Tackle the To-Do List: Ask for a list of errands that need to be run – pick up groceries, dry cleaning or even offer to shuttle kids to and from activities. It can be hard for a caregiver to find time to complete these simple tasks outside of the home that we often take for granted.
Be Specific and Be Flexible: Open-ended offers of support (“call me if you need anything” or “let me know if I can help”) may be well-intended, but are often dismissed. Try making your offer of help or support more specific (“I’m going to the store, what do you need?” or “I have free time this weekend, let me stop over for a couple of hours so you can do what you need to do.”) Don’t get frustrated if your offer of support is not immediately accepted. The family may need time to assess its needs. Continue to let the caregiver know that you are there and ready to help.
Help for the Holidays: Holiday celebrations are often joyous occasions, but they can be challenging and stressful for families living with Alzheimer’s. Help caregivers around the holidays by offering to help with cooking, cleaning or gift shopping. If a caregiver has traditionally hosted family celebrations, offer your home instead.
Join the Fight: Honor a person living with the disease and their caregiver by joining the fight against Alzheimer’s. You can volunteer at your local Alzheimer’s Association office, participate in fundraising events such as the Walk to End Alzheimer’s and The Longest Day, advocate for more research funding, or sign up to participate in a clinical study as a healthy volunteer through the Alzheimer’s Association’s Trial Match. Joining the cause can help families facing the disease know that they are not alone in their fight.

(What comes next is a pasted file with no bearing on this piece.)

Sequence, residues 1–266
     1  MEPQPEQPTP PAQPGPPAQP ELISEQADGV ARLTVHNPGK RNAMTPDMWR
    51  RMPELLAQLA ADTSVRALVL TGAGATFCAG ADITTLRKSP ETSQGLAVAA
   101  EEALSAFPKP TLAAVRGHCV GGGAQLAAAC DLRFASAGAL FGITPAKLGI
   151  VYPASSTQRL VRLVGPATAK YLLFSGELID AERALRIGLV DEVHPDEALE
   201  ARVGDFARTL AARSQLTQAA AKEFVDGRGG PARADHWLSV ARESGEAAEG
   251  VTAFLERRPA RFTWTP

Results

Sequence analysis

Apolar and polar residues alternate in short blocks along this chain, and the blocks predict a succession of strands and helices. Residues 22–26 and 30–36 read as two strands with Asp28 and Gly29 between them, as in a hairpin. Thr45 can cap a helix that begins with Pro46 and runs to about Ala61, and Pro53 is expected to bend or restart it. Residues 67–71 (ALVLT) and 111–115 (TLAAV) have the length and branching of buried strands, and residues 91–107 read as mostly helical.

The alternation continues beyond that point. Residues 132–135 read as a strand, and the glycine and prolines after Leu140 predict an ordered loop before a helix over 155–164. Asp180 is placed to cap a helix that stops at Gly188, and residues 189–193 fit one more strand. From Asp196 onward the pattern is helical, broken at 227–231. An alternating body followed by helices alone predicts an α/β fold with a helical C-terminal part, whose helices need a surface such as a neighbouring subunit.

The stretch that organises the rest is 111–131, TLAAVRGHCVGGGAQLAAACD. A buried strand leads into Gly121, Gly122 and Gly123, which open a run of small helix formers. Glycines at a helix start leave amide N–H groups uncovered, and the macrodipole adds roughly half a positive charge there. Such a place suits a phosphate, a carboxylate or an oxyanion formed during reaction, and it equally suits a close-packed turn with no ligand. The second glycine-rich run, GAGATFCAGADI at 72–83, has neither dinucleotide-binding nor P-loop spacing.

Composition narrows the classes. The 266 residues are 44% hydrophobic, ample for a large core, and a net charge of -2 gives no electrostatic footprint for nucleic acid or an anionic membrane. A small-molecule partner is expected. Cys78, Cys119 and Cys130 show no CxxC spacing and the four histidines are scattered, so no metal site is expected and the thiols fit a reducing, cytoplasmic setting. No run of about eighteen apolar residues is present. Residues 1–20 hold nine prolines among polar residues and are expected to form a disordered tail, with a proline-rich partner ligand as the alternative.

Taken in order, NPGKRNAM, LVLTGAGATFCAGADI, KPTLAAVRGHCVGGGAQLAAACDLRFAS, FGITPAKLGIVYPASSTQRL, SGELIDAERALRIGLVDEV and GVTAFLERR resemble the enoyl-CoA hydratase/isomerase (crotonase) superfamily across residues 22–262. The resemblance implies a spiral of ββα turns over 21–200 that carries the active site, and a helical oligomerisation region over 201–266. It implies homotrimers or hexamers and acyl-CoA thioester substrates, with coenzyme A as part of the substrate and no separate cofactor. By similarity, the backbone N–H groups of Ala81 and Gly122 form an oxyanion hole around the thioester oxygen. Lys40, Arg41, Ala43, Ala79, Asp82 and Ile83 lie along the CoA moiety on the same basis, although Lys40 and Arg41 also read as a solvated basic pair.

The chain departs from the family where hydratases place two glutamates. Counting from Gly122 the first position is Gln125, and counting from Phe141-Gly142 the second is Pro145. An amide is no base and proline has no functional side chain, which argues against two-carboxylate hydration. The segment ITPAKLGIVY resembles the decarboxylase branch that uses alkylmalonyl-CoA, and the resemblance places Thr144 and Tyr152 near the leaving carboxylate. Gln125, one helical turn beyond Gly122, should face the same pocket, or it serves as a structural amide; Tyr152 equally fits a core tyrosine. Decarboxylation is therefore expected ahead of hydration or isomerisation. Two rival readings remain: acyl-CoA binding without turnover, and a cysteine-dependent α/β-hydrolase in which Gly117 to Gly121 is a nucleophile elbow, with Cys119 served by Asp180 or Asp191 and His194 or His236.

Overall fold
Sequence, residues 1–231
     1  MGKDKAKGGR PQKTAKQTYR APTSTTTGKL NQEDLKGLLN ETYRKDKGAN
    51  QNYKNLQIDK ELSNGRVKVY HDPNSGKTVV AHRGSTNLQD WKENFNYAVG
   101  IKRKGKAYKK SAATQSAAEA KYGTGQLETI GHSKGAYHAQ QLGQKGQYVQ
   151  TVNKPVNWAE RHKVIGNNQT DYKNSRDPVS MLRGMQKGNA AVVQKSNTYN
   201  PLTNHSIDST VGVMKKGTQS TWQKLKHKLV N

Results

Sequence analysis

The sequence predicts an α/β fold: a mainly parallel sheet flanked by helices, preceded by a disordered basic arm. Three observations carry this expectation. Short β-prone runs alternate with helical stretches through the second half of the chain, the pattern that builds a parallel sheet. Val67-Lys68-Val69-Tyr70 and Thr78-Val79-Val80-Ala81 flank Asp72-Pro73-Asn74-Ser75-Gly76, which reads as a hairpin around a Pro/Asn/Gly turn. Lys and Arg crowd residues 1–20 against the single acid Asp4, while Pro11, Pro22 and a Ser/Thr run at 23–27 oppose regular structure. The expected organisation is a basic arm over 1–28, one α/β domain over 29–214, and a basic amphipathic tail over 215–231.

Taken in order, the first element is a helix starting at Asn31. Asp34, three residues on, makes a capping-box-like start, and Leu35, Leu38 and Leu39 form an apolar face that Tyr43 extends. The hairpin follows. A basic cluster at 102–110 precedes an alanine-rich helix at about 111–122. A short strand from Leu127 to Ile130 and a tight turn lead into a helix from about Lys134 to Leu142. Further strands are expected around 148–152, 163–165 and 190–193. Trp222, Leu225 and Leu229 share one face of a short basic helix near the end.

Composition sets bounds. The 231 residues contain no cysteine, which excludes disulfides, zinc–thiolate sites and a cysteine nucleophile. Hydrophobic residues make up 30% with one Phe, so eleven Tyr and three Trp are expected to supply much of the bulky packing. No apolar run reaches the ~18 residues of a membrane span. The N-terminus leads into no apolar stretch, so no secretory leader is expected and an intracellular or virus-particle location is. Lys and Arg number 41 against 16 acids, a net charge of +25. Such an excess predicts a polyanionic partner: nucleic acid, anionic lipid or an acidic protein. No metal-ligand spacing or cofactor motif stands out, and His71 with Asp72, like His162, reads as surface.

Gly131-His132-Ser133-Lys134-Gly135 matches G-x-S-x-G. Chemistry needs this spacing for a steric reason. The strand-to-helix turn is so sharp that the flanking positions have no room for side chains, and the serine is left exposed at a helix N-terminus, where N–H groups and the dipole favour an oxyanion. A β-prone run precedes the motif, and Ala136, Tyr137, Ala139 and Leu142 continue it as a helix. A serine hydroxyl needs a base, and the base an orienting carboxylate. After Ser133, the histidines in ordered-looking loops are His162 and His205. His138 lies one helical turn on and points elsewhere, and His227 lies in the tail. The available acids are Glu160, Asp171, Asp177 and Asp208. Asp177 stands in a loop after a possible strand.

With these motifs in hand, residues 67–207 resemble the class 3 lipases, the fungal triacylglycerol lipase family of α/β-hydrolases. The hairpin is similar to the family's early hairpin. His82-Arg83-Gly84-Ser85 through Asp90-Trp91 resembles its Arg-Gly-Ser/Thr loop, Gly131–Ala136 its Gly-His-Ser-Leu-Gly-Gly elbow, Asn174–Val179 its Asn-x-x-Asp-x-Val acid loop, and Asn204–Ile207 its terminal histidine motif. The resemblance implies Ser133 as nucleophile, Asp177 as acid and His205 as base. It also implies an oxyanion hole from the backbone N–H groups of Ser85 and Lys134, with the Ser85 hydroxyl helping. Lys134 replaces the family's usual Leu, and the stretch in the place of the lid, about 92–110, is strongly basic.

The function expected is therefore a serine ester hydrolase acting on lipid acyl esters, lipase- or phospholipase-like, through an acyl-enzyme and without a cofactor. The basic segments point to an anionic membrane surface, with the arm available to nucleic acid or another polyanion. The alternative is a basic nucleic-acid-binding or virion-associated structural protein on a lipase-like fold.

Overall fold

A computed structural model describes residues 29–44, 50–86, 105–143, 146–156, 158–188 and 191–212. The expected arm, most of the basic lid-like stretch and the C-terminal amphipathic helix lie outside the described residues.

Additional Facts and Figures: (http://www.alz.org/facts/)
● One in 10 people age 65 and older (10 percent) has Alzheimer's dementia.
● More than five million Americans are living with Alzheimer’s, a number estimated to grow to as many as 16 million by year 2050.
● Almost two-thirds of Americans with Alzheimer's are women.
● African-Americans are about twice as likely to have Alzheimer's or other dementias as older whites.
● Hispanics are about one and one-half times as likely to have Alzheimer's or other dementias as older whites.
About the Alzheimer’s Association:
The Alzheimer’s Association is the leading voluntary health organization in Alzheimer’s care, support and research. Our mission is to eliminate Alzheimer’s disease through the advancement of research; to provide and enhance care and support for all affected; and to reduce the risk of dementia through the promotion of brain health. Our vision is a world without Alzheimer’s.
About the Alzheimer’s Association - Western Carolina Chapter:
The Western Carolina Chapter provides patient and family services, information and referral, education, and advocacy in the 49 central and western North Carolina counties that serves over 100,000 people currently living with Alzheimer's disease in these counties. We provide a variety of services including a 24/7 Helpline, support groups, educational programs, and MedicAlert®. We offer opportunities to get involved and to make a difference. For more information about Alzheimer's disease or the Alzheimer's Association - Western Carolina Chapter, visit www.alz.org/northcarolina or call (800) 272-3900. For the latest news and updates, follow us on Facebook, Twitter and Instagram.
Contact: Christine John-Fuller